Should I Buy a Fiat Freemont?
Hi John, as family of four with two teenage daughters we have been looking around at SUV style vehicles for probably 18 months. The Kluger felt the best but the price was too high. Last week we heard about the fiat Fremont and after test driving it, it ticks all the boxes. I was concerned that a 2.4-litre petrol engine would be poor to drive, however I was impressed at the drive and the engine gearbox combination. The layout inside was the best we have seen. At $28K drive away it all seems to good to be true. I am aware of its Dodge heritage and some of the Dodge journey reviews are quite harsh. Do have any thoughts on this car?
The Fiat Freemont is a cut-price and re-badged Dodge Journey with a smaller engine. While the Dodge Journey Range stretches from $32,500 to $36,500, the Freemont is much cheaper: $27,000 to $33,00. (All prices not including on-road costs.)
So the Freemont isn't a bad size, and it certainly is affordable. Interestingly, the Freemont is made in the USA, while the Dodge is manufactured in Mexico.
The principal difference is the driveline - the Freemont's 2.4-litre four makes 125kW and 220Nm peaks, drives through a six-speed auto and drinks 91 RON unleaded. The Journey's 3.6-litre V6 makes 206kW (65 per cent more power) and 342Nm (55 per cent more torque).
Fiat is managing to sell about 100 Freemonts a month, which is about the same sales volumes as the Dodge Journey - and very similar to the Holden Colorado 7. It's not a very popular vehicle - probably because it is such a secret. Fiat and its corporate twin Alfa Romeo have kicked a huge sales goal this year so far. Prices have been slashed and sales have skyrocketed. For the first third of this year, Fiat and Alfa Romeo sales of 3336 units represents an improvement of 181.3 percent over the same period in 2013. The over-acrhing company, Fiat Chrysler Group, is kicking a similar goal: the company has sold 13,177 vehicles to date – 3,947 vehicles up on the same period in 2013 and well ahead of the current industry trend.
EQUIPMENT PROS & CONS
The equipment levels on Freemont are impressive, given the price: 17-inch alloys, proximity key, dual-zone air conditioning, trip computer and tyre pressure monitoring system, etc. It's only a four-star vehicle on safety, however. And it has only a (skinny) space-saver spare tyre. And it is front-wheel drive only, so while it looks like an SUV, it's really just a glorified people mover.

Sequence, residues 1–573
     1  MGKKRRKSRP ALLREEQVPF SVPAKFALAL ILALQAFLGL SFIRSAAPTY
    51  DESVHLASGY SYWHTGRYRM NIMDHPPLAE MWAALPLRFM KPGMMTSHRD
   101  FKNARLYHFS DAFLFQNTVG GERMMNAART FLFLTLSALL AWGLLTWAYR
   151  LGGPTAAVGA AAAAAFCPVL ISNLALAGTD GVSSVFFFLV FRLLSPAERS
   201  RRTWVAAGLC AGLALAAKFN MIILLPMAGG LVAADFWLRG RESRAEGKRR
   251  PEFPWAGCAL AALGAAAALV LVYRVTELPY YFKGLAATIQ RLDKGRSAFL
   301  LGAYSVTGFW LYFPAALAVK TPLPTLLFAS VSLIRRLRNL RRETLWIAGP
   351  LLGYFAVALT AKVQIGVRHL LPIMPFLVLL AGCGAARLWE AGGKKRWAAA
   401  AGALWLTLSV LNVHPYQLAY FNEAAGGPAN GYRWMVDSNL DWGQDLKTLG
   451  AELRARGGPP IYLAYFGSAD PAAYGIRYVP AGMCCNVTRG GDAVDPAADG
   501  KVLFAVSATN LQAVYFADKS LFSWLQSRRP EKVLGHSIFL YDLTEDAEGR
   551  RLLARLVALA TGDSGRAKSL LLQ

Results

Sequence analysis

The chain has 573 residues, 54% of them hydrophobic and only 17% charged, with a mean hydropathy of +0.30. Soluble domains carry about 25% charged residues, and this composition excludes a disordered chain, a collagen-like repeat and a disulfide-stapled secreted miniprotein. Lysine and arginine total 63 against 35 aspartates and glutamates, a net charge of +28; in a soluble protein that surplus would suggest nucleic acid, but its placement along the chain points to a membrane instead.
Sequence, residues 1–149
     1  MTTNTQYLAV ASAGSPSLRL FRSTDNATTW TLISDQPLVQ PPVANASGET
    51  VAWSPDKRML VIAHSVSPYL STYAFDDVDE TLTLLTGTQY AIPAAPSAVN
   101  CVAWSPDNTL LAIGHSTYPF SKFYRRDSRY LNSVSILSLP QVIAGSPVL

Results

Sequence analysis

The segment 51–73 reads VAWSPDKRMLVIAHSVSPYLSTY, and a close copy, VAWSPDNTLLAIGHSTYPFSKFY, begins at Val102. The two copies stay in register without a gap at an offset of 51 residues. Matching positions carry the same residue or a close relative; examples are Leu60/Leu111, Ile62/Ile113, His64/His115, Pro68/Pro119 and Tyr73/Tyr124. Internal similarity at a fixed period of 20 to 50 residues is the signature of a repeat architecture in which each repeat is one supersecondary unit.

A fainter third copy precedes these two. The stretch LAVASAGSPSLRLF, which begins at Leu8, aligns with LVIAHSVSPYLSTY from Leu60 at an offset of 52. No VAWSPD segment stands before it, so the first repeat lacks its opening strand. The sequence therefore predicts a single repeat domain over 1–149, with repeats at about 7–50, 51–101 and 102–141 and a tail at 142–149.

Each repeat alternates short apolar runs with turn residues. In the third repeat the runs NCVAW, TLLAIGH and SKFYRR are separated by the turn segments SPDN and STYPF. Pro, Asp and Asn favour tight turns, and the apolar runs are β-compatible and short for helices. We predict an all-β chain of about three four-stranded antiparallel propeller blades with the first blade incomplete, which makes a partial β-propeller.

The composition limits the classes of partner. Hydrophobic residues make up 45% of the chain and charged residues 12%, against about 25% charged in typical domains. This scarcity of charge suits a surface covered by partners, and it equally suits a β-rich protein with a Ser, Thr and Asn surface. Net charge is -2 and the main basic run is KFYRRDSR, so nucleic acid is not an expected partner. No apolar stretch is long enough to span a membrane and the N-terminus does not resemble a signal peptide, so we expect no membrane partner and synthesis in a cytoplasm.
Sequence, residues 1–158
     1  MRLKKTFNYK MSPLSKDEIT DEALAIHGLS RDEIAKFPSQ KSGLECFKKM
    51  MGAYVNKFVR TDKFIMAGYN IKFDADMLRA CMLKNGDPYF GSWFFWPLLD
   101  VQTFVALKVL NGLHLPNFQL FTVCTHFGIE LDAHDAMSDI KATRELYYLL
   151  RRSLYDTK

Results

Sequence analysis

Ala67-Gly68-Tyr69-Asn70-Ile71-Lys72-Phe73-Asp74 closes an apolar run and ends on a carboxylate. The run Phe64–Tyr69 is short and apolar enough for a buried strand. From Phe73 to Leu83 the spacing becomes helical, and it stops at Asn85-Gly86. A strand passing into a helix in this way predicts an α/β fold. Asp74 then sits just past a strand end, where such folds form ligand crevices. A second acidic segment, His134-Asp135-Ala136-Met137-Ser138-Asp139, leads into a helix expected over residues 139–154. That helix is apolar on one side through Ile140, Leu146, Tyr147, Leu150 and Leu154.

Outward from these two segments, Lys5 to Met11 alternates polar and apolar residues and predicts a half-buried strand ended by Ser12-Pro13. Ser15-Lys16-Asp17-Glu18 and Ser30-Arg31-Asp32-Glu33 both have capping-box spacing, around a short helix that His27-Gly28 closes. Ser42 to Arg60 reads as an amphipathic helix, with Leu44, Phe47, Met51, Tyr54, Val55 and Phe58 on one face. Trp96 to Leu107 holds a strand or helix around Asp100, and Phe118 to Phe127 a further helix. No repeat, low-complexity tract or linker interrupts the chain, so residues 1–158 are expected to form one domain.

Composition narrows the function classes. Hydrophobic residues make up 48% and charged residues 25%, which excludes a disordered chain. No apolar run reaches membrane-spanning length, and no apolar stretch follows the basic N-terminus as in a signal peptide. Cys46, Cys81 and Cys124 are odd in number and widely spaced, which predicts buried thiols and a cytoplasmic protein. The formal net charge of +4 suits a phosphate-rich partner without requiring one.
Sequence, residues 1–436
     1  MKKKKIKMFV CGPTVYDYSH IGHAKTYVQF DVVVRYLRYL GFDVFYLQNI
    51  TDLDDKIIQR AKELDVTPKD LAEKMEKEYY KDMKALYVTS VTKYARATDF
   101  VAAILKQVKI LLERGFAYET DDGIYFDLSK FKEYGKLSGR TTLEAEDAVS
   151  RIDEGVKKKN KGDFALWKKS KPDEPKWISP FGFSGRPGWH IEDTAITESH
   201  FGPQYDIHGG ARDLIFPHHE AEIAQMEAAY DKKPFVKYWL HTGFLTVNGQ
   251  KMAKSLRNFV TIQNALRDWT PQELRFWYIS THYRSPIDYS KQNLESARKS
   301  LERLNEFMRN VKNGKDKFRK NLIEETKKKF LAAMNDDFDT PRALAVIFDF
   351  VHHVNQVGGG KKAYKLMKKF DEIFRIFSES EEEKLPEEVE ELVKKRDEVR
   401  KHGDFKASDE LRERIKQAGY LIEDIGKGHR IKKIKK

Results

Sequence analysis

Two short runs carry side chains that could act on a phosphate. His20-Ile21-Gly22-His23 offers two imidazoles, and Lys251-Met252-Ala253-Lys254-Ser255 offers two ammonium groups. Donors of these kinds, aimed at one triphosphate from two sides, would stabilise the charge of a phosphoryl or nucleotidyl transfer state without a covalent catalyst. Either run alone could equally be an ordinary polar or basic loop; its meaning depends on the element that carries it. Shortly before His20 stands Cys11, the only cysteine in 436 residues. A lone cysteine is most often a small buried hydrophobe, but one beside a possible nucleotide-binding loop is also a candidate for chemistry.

It's quite versatile and practical, and as you say, the price is right. My principal reservations would be build quality/reliability - it's a re-badged dodge, basically, and Dodge doesn't enjoy a stellar reputation there. It's a fairly old product in terms of its lifecycle, and the four stars is a worry if you crash.
More on the Freemont safety rating by ANCAP. (This was the diesel version only - for technical reasons. It doesn't necessarily follow that the crash performance of the petrol will be the same.)
See below: JD Power's 2014 US Vehicle Dependability Study, and Dodge's second-last ranking in it... Also of concern with low-volume models from little-known brands is: how familiar will the technical support apparatus be when it comes to solving problems with the vehicle and how long will it take them to get parts in? (Difficult questions to answer.)
Here are the full Fiat Freemont specifications in directly comparable format (click on the exact model you want)
And here is the same thing for the Dodge Journey
You talked about engine performance: the Freemont is okay without being stellar. Having a six-speed gearbox helps mitigate its just-adequate outputs. For comparison:
- 2.4-litre petrol four
- Kerb weight: 1757kg
Hyundai Santa Fe Active
- 2.4-litre petrol four
- Kerb weight: 1794kg
(And the Hyundai is $10,000 more.)
Basically I think it's one of those items you'd see in the bins out the front of a shop marked 'SALE'. You know it's not as good as the stuff inside, but it's not awful, and the price, as you say, is right.